[Warning: The following contains spoilers for Tuesday’s episode of This Is Us. Read at your own risk!]
There are only a few episodes of It’s us left and as we get closer to the end, more and more mysteries of the Pearson family unfold and are solved. In Tuesday’s episode, we finally found out how Rebecca (Mandy Moore) and Miguel (Jon Huertas) reunited a decade after Jack’s death. Before the episode, we knew the two became very close immediately after Jack’s death, but then broke up when Miguel moved to Texas to be closer to his family – and to ease the temptation to fall in love with the widow. of his best friend.
However, over time, Miguel realized that the family he had created with his ex-wife was not the one he belonged to. When Rebecca contacted Facebook eight years after Miguel left, it was a sign that what he needed was back in Pittsburgh, and Miguel went for it.
The story of Rebecca and Miguel’s meeting wasn’t the only thing revealed in the emotional episode. The hour was also dedicated to how Miguel’s family immigrated to America, his strained relationship with his parents, and how Miguel struggled to deal with the burden of Rebecca’s Alzheimer’s disease. In a moving scene with his stepchildren, they pressured Miguel to accept their help and make Rebecca a full-time nurse, and Miguel was forced to realize he couldn’t handle it all on his own, no matter how badly. not he wanted it.
We’ve waited six seasons – literally since Episode 2 of the show – to learn more about Miguel and Rebecca’s love story, and just as we discovered the origins, we also discovered the ending. The episode takes us through Miguel dying of heart failure, which confirmed why he wasn’t at Rebecca’s bedside in the future timeline. It was a moving ending to a poignant story, and TV Guide spoke to Huertas about what happened in this highly anticipated episode, and how he feels now that Miguel’s story has finally been told.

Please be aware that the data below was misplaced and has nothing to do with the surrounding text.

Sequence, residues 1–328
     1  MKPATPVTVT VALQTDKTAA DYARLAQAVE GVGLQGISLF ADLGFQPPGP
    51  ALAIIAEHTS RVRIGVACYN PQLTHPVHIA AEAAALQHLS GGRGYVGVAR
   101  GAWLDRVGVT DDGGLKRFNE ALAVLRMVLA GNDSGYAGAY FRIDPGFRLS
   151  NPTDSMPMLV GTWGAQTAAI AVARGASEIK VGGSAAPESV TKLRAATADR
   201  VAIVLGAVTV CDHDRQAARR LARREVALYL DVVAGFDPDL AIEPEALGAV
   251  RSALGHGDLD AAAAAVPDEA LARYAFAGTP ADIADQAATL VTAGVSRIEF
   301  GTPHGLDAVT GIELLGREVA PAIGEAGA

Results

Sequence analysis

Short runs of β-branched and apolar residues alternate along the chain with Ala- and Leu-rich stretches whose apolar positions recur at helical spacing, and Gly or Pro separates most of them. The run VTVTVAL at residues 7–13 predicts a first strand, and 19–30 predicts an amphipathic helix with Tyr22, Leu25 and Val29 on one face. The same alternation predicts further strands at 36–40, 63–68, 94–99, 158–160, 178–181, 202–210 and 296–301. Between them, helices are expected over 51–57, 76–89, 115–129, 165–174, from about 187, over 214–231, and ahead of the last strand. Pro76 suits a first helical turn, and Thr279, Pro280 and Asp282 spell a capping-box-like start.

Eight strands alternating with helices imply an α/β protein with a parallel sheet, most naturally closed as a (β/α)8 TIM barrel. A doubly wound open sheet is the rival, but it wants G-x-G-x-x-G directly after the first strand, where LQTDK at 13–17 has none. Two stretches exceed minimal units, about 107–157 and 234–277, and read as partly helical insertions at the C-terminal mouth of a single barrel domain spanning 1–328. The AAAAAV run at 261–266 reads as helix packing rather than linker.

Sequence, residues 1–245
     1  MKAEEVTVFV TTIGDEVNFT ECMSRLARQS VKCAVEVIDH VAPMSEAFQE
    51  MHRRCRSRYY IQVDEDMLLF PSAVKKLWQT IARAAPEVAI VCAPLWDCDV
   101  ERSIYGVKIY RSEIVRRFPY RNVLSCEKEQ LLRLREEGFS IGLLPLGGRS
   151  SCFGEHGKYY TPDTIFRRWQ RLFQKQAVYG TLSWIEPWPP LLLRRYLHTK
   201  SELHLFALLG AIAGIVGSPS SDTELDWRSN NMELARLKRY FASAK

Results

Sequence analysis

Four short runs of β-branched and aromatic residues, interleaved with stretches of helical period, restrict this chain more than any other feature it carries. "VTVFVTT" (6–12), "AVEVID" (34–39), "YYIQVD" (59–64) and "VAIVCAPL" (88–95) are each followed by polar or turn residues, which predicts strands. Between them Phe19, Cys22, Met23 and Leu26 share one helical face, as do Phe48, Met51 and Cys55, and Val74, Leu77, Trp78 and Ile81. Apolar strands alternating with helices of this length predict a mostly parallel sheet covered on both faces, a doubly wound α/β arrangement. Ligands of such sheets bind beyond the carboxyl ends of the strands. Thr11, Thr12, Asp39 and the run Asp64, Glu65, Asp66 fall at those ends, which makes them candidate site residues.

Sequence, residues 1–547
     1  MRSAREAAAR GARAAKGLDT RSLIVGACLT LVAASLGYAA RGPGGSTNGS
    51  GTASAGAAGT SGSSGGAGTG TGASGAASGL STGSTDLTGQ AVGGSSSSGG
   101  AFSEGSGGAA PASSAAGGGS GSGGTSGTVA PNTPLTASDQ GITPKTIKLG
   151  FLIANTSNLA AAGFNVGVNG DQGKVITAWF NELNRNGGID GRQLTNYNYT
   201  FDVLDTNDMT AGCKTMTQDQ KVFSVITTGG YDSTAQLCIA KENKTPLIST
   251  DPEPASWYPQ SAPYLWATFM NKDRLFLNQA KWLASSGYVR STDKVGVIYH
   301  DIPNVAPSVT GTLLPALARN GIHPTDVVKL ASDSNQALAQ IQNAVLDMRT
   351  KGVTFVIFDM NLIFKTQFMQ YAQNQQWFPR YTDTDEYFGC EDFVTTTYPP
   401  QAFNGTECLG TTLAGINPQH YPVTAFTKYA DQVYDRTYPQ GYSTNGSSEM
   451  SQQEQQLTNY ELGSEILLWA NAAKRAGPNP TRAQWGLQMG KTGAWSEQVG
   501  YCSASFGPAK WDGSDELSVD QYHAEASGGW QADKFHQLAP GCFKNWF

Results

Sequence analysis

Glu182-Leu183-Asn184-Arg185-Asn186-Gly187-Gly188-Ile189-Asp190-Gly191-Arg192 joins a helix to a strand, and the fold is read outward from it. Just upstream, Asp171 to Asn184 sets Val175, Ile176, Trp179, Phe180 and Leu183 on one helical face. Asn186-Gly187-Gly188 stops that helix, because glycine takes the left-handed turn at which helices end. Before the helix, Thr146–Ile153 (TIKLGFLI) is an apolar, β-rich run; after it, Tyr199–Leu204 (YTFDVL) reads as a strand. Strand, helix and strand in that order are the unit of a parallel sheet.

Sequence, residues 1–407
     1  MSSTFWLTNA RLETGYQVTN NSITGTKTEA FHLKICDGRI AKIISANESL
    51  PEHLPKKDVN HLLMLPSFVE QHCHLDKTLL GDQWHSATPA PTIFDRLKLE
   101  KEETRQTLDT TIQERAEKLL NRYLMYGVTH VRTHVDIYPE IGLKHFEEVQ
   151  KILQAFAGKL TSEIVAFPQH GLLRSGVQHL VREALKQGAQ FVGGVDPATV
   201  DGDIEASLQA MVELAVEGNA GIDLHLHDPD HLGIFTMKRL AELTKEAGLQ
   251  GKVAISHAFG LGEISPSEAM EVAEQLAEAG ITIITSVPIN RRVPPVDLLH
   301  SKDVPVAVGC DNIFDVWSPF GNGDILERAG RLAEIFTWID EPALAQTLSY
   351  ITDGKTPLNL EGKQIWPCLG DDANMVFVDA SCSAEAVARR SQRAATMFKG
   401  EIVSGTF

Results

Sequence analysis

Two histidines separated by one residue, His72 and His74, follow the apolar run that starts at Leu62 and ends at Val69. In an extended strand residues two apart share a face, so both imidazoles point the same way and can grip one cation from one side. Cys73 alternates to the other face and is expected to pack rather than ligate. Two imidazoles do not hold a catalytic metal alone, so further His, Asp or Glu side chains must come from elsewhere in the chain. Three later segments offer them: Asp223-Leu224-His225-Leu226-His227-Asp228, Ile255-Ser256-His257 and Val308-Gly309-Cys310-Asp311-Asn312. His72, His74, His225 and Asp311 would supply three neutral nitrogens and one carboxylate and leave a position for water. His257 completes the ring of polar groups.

What was it like finally being able to tell this story, knowing that people had been waiting for it for so long?
Jon Huertas: It was exciting to finally be able to tell the story. Of course, I would have liked to open Miguel’s story much sooner, but we had COVID that happened, and it really disrupted how the story was going to be told because we lost two episodes this season- the. But it was exciting because the perfect screenwriter was ready and had been made staff this season, Jonny Gomez. We were in the writers room talking about how we were going to tell Miguel’s story. How far are we going to go back? What are the ideas? There were so many that I thought it was impossible for all of these things to be in the episode. Somehow, Jonny, as a craftsman, has it all figured out. Everything we wanted to fit from the start. It’s so good… It’s a matter of timing. It was the perfect moment and the way it ends definitely makes it more emotional because we’ve waited so long. I think it makes him heavier when he’s gone, when he dies. This makes it much heavier in our hearts. If we had started to open his story before, it would not have had the same emotional impact.
I can confirm that I cried with snot. It wasn’t cute.
Huertas: When I first saw the cut, I made this sort of audible, weird, throaty sound. I was watching it with Sterling K. Brown and we were on opposite sides of the room. When I made my noise audible, it inspired him to let go. We were definitely having a sob fest across the room. It was so punchy and heavy ’cause we’re just gonna know [Miguel]! Then he left. It is poignant, meaningful and comprehensive. It was the perfect send off.